The third and last day of ALT.NET Seattle was a short one for me. My poor extremely patient wife was not feeling well today so I had to leave right at lunch time. But before I left, I did manage to attend a great session by John Lam and Jimmy Schementi on “Adding Scripting Support to .NET Applications”. In fact, you can watch the session here via

John and Jimmy covered the topic of hosting IronRuby to provide “end-user” ability to script an application. The classic example is that many 3-D games, Half-Life for example, write their core 3-D engines etc… in C++. However, they often provide a scripting language such as LUA which allows others to script the behavior of objects in the game, as these types of things change often and you want the flexibility to do so in a lightweight language.

The same may be true in an enterprise application where you want to write the whole app in C#, but perhaps allow configuring the rules engine using IronRuby.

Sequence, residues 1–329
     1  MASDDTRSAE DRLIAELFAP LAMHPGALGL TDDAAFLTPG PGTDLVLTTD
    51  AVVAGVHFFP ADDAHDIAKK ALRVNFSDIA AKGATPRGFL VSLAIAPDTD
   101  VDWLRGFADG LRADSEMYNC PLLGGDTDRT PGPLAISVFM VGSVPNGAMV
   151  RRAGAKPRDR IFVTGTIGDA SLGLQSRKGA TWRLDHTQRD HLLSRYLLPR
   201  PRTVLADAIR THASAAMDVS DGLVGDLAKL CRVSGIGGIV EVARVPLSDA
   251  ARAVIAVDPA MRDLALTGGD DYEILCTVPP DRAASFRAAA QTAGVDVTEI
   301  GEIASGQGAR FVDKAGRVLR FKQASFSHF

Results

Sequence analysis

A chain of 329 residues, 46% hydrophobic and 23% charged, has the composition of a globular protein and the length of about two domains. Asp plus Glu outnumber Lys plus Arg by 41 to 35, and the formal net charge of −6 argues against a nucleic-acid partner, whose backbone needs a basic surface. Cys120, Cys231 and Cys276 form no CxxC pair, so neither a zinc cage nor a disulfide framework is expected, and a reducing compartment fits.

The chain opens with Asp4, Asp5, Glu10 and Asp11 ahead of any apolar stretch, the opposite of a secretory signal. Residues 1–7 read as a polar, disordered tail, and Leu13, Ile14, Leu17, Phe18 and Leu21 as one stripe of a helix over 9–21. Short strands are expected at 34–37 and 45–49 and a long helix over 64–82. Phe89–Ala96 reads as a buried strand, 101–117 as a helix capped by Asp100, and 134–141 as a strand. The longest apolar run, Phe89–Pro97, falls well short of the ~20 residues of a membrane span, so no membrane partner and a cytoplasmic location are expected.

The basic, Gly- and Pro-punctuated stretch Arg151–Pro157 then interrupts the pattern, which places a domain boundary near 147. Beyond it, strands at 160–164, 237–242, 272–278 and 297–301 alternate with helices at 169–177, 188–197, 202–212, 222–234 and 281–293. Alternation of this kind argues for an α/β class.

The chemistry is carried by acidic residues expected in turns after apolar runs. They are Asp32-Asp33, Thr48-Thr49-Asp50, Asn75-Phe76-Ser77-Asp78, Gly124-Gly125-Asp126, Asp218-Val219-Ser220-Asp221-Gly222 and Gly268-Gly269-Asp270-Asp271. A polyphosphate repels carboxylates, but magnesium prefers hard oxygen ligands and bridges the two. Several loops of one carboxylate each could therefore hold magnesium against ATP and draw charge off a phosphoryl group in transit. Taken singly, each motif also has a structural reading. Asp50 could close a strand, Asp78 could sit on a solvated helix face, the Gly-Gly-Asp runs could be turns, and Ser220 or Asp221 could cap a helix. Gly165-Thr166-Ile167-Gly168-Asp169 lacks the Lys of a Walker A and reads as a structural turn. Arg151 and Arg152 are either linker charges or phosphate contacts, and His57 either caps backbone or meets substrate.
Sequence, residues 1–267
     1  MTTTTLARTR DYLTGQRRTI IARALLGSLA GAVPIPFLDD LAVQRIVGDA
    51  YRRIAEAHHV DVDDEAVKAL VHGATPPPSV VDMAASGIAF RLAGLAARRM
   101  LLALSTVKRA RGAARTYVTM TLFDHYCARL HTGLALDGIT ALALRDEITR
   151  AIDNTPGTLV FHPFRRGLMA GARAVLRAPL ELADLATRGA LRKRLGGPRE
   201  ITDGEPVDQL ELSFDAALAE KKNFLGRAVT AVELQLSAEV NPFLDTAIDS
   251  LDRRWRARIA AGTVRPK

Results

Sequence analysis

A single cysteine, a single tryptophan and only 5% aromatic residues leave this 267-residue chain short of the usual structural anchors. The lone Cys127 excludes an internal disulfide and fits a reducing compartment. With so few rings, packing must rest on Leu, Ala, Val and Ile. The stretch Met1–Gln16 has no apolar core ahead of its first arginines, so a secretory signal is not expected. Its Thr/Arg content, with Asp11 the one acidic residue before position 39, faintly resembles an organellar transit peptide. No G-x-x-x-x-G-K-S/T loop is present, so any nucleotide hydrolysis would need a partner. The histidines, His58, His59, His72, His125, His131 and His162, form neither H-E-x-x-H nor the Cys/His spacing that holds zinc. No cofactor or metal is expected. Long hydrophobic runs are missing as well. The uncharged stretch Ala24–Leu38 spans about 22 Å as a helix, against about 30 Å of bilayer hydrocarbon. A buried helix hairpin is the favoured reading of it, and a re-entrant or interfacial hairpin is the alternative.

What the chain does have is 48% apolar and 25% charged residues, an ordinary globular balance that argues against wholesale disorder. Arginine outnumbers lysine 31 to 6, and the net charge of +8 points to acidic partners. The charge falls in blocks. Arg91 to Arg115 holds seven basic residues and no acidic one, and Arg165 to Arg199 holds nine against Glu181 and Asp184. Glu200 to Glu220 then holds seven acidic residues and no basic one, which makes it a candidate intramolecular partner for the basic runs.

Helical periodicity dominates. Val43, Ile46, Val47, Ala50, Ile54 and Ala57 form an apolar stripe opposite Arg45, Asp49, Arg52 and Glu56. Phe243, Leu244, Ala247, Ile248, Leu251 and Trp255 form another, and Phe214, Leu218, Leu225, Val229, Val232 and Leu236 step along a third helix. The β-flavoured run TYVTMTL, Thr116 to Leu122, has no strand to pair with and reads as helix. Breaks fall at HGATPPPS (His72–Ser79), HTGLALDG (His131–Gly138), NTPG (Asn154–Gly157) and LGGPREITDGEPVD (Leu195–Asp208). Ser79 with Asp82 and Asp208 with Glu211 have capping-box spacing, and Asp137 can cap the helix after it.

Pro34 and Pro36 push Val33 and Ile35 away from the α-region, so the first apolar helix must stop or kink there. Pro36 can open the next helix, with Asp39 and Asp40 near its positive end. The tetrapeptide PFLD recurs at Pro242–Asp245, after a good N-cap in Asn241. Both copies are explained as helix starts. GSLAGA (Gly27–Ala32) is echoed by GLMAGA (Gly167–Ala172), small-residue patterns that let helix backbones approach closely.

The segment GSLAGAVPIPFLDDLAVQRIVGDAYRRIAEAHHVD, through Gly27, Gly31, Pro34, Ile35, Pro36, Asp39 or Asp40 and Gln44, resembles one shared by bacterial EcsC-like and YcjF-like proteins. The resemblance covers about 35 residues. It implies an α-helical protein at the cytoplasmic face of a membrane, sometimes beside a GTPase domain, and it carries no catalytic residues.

I showed up to the session late and asked if John and Jimmy were going to show a demo. Unfortunately, they didn’t have one prepared, so I gave everyone a sneak preview of a demo where I have an ASP.NET MVC app hosting IronRuby in a manner where I think some C# developers will see the value. It was just a little something I’ve been hacking away at in my copious free time and hope to present at the MVP Summit and Mix. I won’t talk about it yet as I have a bit more work I want to do before I put it on my blog.

Before the session Aaron Jensen showed me some really cool stuff he’s doing with Spark View Engine and ASP.NET MVC. After the session, Eric Hexter showed me some neat stuff his company has been doing with T4 templates and ASP.NET MVC. This really got me fired me up with ideas for the next version of ASP.NET MVC to help support such efforts.

One of the coolest things at this conference was the usage of I honestly hadn’t heard of it until last week, but everyone was recording sessions live via After going home early, I was able to get back online and watch a couple more sessions recorded by Scott Hanselman when my son and wife took a nap. How cool was that.